So, I guess you can now call me a former banker; not retired, but redirected. Banking was the wage related task I performed for the last 30 or so years. But when you have done something for an extended period of time that is who you become in the eyes of others, and many times in your own eyes as well. What you do becomes who you are. “I’m a …” you can fill in the blank yourself. But aren’t we all more than that really? Can’t the complexity we see in ourselves in those quiet moments go much deeper? I would think we wouldn’t want just one or two words to define us. Or would we?
I have been reading quite a lot lately on gifts, both physical and spiritual. While most people I observe don’t openly discuss their own innate gifts, they do seem to pay a lot of attention to other people’s. It seems if we can’t do what we see others doing, we determine there must be something wrong with us. Regardless of all the things God has packed into our lives, if we see more or different things in someone else, we feel diminished. I guess that word best describes a large part of the world I see lived out around me each day. In the most materially blessed society in the history of the world, too many people walk around every day feeling diminished. So sad and so avoidable.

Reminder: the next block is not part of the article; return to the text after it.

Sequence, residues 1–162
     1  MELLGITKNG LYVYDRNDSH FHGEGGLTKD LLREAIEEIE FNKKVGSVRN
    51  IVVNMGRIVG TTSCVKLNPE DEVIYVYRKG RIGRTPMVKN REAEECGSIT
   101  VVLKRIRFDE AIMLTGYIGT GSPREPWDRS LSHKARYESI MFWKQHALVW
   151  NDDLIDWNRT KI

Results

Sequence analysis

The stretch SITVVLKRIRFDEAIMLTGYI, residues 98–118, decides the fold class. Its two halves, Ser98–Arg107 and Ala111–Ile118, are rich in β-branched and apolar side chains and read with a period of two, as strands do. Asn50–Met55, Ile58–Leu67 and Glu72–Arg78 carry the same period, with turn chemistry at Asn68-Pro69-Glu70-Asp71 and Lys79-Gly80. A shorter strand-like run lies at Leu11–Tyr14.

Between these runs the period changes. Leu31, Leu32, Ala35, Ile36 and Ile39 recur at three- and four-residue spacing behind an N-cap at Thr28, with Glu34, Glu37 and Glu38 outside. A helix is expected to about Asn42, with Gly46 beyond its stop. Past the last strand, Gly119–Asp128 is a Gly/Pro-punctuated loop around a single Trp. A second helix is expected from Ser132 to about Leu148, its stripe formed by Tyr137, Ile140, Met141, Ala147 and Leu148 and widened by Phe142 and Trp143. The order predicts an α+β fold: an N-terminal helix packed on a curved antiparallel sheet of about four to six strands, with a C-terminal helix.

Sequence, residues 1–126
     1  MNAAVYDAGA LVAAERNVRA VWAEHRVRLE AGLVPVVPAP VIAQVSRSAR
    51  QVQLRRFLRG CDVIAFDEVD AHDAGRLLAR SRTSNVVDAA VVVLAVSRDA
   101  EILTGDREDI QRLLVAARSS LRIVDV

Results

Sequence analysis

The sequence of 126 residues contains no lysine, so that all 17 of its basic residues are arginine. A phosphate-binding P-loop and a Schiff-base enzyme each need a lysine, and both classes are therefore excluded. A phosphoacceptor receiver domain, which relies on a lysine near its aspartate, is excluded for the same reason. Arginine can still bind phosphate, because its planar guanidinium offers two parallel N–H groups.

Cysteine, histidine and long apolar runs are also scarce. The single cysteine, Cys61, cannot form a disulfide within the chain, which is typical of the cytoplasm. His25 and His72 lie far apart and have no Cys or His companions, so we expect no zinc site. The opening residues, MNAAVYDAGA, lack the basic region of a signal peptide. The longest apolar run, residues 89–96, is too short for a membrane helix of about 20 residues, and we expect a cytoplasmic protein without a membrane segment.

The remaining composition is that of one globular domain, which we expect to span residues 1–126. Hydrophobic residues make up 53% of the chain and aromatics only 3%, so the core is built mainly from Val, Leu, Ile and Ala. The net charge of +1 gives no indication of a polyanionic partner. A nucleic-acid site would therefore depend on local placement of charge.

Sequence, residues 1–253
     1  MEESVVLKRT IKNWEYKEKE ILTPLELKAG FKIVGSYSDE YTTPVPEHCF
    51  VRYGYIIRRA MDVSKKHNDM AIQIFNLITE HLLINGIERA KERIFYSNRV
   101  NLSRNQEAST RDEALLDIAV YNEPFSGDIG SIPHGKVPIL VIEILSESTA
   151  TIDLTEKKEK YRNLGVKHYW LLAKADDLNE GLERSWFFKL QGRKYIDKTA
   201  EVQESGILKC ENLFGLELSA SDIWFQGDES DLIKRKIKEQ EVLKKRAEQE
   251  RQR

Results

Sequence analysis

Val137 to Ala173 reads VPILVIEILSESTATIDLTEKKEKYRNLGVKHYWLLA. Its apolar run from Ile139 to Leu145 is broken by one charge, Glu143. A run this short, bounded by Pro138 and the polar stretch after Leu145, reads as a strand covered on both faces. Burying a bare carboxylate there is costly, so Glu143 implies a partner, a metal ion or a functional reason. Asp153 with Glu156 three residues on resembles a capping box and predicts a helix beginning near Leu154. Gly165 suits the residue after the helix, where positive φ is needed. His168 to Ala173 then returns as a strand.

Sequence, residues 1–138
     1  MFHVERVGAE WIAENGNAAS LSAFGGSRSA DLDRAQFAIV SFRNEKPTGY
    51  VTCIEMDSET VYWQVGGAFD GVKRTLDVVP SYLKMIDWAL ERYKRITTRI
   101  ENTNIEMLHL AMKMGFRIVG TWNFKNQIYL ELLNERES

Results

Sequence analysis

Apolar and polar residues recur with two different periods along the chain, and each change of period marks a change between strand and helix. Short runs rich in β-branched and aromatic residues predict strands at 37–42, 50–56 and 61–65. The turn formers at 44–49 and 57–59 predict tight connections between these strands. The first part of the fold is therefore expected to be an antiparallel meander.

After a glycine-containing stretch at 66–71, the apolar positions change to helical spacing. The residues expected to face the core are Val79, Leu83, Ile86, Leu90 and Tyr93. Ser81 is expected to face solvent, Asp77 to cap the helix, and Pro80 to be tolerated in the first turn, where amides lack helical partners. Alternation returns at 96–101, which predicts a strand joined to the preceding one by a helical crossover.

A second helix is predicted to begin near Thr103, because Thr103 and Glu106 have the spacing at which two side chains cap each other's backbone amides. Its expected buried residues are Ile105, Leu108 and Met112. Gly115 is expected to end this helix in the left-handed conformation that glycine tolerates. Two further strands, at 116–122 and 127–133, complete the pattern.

In the scripture passage above, three men were given three gifts. So many of us focus on the five, two and one, but really it is three and three. True, the gifts weren’t equal, but each was given -the word used is entrusted with- and accepted a gift, based on what the Master determined they could handle. Props to Max Lucado for doing the math for me, the smallest of these gifts, one talent (which equaled 10,000 denarii), was equivalent to a lifetime (approximately 30 years’ worth) of wages. Like handing roughly $1.1 million cash money to someone who makes $30,000 a year. Sign me up for the low end of the pole. Two of these men take their talents and do something, but one chooses to do nothing. I suggest you read the rest of the story for the outcomes of each; but understand this is not just a tale about money, success and failure, but of how we see ourselves. Or better yet, how God wants us to see ourselves, as useful through Him and not just to Him.